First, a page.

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Uneven Ground Part III: Chasing equity in a changing climate

Skewed jobs-housing balance leaves swaths of Bay Area residents leaves with only two choices: a grueling commute or substandard housing

Meet the new industrial pollution, a jobs-housing balance so skewed that it prices people out of their homes, triggers kids' asthma and forces people to pick: grueling commute or substandard housing. What's being done to change this?

And, looking ahead to a future where climate change is likely to hit low-income communities of color hardest, what's being done in East Palo Alto, Belle Haven and North Fair Oaks to boost these communities' resiliency?

Read the story here.

This is the last of a three-part series exploring why the communities of Belle Haven, North Fair Oaks and East Palo Alto experience greater environmental health burdens than neighboring jurisdictions.

Read part one here and part two here.

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Kate Bradshaw reported this story as part of her University of Southern California Annenberg Center for Health Journalism 2019 California Fellowship, with engagement support from the center's interim engagement editor, Danielle Fox.

Three bilingual Sequoia High School students, Nataly Manzanero, Ashley Barraza and Mia Palacios, with the author, conducted more than 100 Spanish and English language interviews used in this report. Some of the photos are provided by middle school students who live in East Palo Alto and participated in a summer program of Girls to Women, an East Palo Alto nonprofit working to empower girls and women in the community.

The Almanac has partnered with Cafe Zoe and will be displaying some of the photographs from this project at the Menlo Park cafe throughout the month of October. We'll share more information as details are finalized.

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Kate Bradshaw writes for The Almanac, the sister publication of PaloAltoOnline.com.

Follow Palo Alto Online and the Palo Alto Weekly on Twitter @paloaltoweekly and Facebook for breaking news, local events, photos, videos and more.

Uneven Ground Part III: Chasing equity in a changing climate

Skewed jobs-housing balance leaves swaths of Bay Area residents leaves with only two choices: a grueling commute or substandard housing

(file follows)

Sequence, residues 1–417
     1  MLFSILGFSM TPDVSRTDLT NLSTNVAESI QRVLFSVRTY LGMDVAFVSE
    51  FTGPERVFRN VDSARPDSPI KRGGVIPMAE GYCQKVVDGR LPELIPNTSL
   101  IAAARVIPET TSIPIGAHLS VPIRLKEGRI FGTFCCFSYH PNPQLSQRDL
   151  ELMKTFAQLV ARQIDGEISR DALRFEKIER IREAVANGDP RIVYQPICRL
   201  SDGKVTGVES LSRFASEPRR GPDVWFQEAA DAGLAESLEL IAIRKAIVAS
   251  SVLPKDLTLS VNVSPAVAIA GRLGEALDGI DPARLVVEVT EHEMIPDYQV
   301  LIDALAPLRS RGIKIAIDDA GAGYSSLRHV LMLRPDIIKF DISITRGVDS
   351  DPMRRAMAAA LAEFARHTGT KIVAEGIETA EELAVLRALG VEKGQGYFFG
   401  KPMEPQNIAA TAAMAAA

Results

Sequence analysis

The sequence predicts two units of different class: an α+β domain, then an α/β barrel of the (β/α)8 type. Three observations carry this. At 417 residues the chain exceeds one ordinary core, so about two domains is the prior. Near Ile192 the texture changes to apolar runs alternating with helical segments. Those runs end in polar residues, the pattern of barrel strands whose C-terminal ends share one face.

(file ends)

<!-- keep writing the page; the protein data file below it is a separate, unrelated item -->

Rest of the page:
by / Almanac

Uploaded: Thu, Sep 19, 2019, 12:49 pm
Updated: Sun, Sep 22, 2019, 9:36 pm

Meet the new industrial pollution, a jobs-housing balance so skewed that it prices people out of their homes, triggers kids' asthma and forces people to pick: grueling commute or substandard housing. What's being done to change this?

And, looking ahead to a future where climate change is likely to hit low-income communities of color hardest, what's being done in East Palo Alto, Belle Haven and North Fair Oaks to boost these communities' resiliency?

Read the story here.

This is the last of a three-part series exploring why the communities of Belle Haven, North Fair Oaks and East Palo Alto experience greater environmental health burdens than neighboring jurisdictions.

Read part one here and part two here.

Kate Bradshaw reported this story as part of her University of Southern California Annenberg Center for Health Journalism 2019 California Fellowship, with engagement support from the center's interim engagement editor, Danielle Fox.

Three bilingual Sequoia High School students, Nataly Manzanero, Ashley Barraza and Mia Palacios, with the author, conducted more than 100 Spanish and English language interviews used in this report. Some of the photos are provided by middle school students who live in East Palo Alto and participated in a summer program of Girls to Women, an East Palo Alto nonprofit working to empower girls and women in the community.

The Almanac has partnered with Cafe Zoe and will be displaying some of the photographs from this project at the Menlo Park cafe throughout the month of October. We'll share more information as details are finalized.

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